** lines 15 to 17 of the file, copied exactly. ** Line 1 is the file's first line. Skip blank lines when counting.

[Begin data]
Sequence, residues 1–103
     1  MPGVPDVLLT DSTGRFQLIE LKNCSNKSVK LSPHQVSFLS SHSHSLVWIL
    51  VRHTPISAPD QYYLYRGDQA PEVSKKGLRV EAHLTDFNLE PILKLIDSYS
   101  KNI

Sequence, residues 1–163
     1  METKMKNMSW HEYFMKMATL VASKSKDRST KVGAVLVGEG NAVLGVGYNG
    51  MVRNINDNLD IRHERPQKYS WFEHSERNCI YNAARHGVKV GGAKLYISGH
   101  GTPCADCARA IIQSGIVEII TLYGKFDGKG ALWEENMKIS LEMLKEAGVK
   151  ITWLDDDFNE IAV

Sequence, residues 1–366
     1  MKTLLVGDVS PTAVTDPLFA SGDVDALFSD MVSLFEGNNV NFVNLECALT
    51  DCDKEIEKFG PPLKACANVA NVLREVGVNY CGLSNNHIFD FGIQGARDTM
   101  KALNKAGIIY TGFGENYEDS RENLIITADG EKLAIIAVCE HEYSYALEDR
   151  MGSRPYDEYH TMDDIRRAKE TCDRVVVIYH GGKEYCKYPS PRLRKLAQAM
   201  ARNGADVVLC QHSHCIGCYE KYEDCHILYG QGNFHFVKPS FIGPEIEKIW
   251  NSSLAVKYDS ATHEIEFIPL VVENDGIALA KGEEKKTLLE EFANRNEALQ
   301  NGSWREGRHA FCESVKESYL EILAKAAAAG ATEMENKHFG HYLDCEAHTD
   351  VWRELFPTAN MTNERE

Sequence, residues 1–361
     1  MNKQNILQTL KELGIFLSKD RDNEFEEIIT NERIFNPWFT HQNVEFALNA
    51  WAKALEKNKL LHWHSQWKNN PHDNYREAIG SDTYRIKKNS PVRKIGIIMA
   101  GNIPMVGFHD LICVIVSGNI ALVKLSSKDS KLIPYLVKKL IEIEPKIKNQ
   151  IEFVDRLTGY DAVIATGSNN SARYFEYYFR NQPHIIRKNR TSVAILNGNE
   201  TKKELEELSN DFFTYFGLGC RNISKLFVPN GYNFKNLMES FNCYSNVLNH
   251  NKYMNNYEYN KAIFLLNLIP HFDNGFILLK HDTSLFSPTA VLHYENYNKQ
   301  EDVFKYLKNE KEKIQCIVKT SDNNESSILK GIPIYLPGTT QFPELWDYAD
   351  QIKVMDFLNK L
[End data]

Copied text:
   201  ARNGADVVLC QHSHCIGCYE KYEDCHILYG QGNFHFVKPS FIGPEIEKIW
   251  NSSLAVKYDS ATHEIEFIPL VVENDGIALA KGEEKKTLLE EFANRNEALQ
   301  NGSWREGRHA FCESVKESYL EILAKAAAAG ATEMENKHFG HYLDCEAHTD